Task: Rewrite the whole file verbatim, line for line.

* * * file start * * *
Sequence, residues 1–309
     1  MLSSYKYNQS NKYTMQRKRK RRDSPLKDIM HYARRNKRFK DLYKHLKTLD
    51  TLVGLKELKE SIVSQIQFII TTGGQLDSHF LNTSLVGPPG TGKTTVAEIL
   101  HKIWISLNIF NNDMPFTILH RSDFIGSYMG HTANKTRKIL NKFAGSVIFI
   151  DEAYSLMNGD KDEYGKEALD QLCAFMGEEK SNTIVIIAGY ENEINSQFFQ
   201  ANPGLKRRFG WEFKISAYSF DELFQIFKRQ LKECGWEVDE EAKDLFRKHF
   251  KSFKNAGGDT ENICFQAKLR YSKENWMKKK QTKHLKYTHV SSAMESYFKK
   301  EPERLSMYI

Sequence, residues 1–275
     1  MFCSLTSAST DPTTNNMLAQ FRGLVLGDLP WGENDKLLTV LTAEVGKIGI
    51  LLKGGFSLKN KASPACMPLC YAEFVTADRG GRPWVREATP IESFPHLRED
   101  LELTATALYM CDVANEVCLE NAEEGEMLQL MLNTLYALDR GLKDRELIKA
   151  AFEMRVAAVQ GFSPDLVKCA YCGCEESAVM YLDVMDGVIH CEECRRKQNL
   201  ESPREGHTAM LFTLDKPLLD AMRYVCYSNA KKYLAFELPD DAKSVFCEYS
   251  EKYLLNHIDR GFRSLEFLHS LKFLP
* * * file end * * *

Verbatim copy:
Sequence, residues 1–309
     1  MLSSYKYNQS NKYTMQRKRK RRDSPLKDIM HYARRNKRFK DLYKHLKTLD
    51  TLVGLKELKE SIVSQIQFII TTGGQLDSHF LNTSLVGPPG TGKTTVAEIL
   101  HKIWISLNIF NNDMPFTILH RSDFIGSYMG HTANKTRKIL NKFAGSVIFI
   151  DEAYSLMNGD KDEYGKEALD QLCAFMGEEK SNTIVIIAGY ENEINSQFFQ
   201  ANPGLKRRFG WEFKISAYSF DELFQIFKRQ LKECGWEVDE EAKDLFRKHF
   251  KSFKNAGGDT ENICFQAKLR YSKENWMKKK QTKHLKYTHV SSAMESYFKK
   301  EPERLSMYI

Sequence, residues 1–275
     1  MFCSLTSAST DPTTNNMLAQ FRGLVLGDLP WGENDKLLTV LTAEVGKIGI
    51  LLKGGFSLKN KASPACMPLC YAEFVTADRG GRPWVREATP IESFPHLRED
   101  LELTATALYM CDVANEVCLE NAEEGEMLQL MLNTLYALDR GLKDRELIKA
   151  AFEMRVAAVQ GFSPDLVKCA YCGCEESAVM YLDVMDGVIH CEECRRKQNL
   201  ESPREGHTAM LFTLDKPLLD AMRYVCYSNA KKYLAFELPD DAKSVFCEYS
   251  EKYLLNHIDR GFRSLEFLHS LKFLP